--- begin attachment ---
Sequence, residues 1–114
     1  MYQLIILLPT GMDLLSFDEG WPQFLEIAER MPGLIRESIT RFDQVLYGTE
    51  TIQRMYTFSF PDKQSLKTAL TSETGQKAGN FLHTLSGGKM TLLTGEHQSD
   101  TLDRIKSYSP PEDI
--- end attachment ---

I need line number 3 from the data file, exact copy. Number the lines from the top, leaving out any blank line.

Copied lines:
    51  TIQRMYTFSF PDKQSLKTAL TSETGQKAGN FLHTLSGGKM TLLTGEHQSD